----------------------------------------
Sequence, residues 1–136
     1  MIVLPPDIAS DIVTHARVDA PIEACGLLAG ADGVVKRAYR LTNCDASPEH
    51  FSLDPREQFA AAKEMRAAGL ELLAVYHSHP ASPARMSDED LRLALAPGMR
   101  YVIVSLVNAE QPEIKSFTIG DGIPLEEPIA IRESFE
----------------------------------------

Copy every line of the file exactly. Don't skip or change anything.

Sequence, residues 1–136
     1  MIVLPPDIAS DIVTHARVDA PIEACGLLAG ADGVVKRAYR LTNCDASPEH
    51  FSLDPREQFA AAKEMRAAGL ELLAVYHSHP ASPARMSDED LRLALAPGMR
   101  YVIVSLVNAE QPEIKSFTIG DGIPLEEPIA IRESFE